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New political map for Rushcliffe Borough Council

31st May 2022

Rushcliffe Borough Council is set to have new boundaries for its council wards.



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New wards for Rushcliffe

Credit: contains Ordnance Survey data (c) Crown copyright and database rights 2022

High resolution map available at


The Local Government Boundary Commission is the independent body that draws these boundaries. It has reviewed Rushcliffe to make sure councillors will represent about the same number of electors, and that ward arrangements will help the council work effectively.


The Commission has published final recommendations for changes in Rushcliffe. It says residents should be represented by 44 councillors. This is the same number of councillors as there are now.


There will be twenty four wards with one, two, or three councillors per ward. Two wards will remain the same, twenty two will have different boundaries.


Publishing the recommendations Professor Colin Mellors, Chair of the Commission, said:


“We are very grateful to people in Rushcliffe. We looked at all the views they gave us. They helped us improve our earlier proposals.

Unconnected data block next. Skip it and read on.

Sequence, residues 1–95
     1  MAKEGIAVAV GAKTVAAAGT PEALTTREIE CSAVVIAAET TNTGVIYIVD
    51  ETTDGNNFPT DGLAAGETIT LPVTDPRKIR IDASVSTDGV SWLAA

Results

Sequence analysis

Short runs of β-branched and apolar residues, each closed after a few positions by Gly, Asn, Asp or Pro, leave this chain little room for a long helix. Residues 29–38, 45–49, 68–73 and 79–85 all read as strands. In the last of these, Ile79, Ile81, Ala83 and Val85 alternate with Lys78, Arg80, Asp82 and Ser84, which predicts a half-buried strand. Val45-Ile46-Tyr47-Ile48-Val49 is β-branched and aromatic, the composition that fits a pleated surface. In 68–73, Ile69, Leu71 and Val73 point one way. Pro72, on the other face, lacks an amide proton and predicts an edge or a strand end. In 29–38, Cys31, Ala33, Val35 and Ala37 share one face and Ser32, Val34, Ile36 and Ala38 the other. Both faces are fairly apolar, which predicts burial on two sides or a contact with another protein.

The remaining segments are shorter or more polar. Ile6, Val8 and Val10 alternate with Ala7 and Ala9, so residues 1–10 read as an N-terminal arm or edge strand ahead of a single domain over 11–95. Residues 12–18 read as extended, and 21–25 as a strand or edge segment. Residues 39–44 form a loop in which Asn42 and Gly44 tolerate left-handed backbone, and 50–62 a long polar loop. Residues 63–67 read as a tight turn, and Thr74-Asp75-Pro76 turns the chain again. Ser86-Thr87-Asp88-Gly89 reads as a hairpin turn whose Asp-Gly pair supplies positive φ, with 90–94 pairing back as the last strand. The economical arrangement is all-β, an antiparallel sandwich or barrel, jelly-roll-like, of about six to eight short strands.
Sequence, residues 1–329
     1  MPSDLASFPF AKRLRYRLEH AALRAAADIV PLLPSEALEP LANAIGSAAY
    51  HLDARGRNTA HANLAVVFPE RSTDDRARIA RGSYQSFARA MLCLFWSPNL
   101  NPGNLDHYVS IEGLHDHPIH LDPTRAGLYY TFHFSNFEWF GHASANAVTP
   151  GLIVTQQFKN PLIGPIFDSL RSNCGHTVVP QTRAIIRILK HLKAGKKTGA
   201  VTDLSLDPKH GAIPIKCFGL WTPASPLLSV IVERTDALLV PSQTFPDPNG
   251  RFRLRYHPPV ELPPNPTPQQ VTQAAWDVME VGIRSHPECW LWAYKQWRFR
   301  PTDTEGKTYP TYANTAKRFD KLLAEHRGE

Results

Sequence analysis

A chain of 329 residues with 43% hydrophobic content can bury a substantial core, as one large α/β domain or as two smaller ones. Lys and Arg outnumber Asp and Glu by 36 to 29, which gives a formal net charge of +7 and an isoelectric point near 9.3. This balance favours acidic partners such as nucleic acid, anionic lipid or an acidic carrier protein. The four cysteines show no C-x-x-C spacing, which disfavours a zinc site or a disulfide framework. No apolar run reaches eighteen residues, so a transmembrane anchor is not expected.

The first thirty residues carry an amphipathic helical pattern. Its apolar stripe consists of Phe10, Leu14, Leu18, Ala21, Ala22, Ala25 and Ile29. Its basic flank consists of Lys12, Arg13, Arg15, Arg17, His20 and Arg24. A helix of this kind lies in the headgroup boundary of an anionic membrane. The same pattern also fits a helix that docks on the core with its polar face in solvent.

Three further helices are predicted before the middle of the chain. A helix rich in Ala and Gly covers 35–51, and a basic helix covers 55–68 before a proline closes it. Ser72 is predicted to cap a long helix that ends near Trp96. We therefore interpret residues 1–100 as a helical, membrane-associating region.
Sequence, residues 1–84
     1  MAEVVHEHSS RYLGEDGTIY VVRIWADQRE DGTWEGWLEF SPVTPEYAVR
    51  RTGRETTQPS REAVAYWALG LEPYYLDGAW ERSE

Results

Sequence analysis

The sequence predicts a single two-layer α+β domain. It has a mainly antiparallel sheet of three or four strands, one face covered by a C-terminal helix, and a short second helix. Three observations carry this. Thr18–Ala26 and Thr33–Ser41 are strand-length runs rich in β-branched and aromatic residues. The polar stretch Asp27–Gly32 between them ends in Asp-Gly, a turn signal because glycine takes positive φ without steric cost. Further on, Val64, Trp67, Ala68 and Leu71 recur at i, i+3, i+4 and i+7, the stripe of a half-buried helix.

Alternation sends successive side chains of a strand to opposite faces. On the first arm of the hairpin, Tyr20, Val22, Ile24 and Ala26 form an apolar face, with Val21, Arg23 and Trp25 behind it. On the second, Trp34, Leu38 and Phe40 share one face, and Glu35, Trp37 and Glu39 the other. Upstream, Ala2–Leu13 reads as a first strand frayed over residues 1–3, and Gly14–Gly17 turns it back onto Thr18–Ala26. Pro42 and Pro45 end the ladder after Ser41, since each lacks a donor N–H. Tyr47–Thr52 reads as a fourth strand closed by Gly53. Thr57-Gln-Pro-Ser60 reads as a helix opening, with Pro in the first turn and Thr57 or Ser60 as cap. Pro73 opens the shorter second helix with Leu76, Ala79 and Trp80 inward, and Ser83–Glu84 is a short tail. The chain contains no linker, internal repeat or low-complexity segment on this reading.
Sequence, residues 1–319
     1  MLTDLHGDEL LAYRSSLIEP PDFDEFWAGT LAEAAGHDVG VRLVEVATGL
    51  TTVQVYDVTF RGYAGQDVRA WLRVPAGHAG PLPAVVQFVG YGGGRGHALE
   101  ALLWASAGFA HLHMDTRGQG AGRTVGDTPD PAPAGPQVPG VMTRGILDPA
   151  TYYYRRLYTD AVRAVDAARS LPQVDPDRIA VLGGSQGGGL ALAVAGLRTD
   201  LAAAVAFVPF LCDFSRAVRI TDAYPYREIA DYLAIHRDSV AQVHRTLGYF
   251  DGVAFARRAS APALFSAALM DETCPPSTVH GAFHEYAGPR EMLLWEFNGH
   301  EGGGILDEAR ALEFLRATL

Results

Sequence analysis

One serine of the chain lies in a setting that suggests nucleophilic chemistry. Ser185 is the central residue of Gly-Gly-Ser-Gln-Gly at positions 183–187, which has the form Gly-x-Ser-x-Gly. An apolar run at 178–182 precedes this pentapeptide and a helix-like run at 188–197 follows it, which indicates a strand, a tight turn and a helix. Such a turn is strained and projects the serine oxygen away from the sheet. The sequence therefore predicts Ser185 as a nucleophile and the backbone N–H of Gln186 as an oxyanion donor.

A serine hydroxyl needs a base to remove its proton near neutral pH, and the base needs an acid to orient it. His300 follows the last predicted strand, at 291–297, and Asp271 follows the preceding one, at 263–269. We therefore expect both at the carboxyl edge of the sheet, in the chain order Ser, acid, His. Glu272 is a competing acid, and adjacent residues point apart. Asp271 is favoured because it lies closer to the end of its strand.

“We believe the new arrangements will guarantee electoral fairness while maintaining local ties.” 


164 comments and submissions from local residents and organisations helped decide the new wards. Changes in response to what local people said include: 


  • The retention of a Lady Bay ward in response to significant local evidence on community identity;
  • The adoption of a proposal from parish councils for revised Gotham and Soar Valley wards in the south-west of the borough.


The Commission has made further changes to its earlier proposals. Details can be found on its website at


Parliament now needs to agree the changes. The new arrangements will then apply for the May 2023 council elections.  



Notes to editors: 


For further information contact the Commission’s press office on 0330 500 1525 / 1250 or email


An interactive map is available at


The Local Government Boundary Commission for England is an independent body accountable to Parliament. It recommends fair electoral and boundary arrangements for local authorities in England. In doing so, it aims to:

  • Make sure that, within an authority, each councillor represents a similar number of electors
  •             Create boundaries that are appropriate, and reflect community ties and identities
  • Deliver reviews informed by local needs, views and circumstances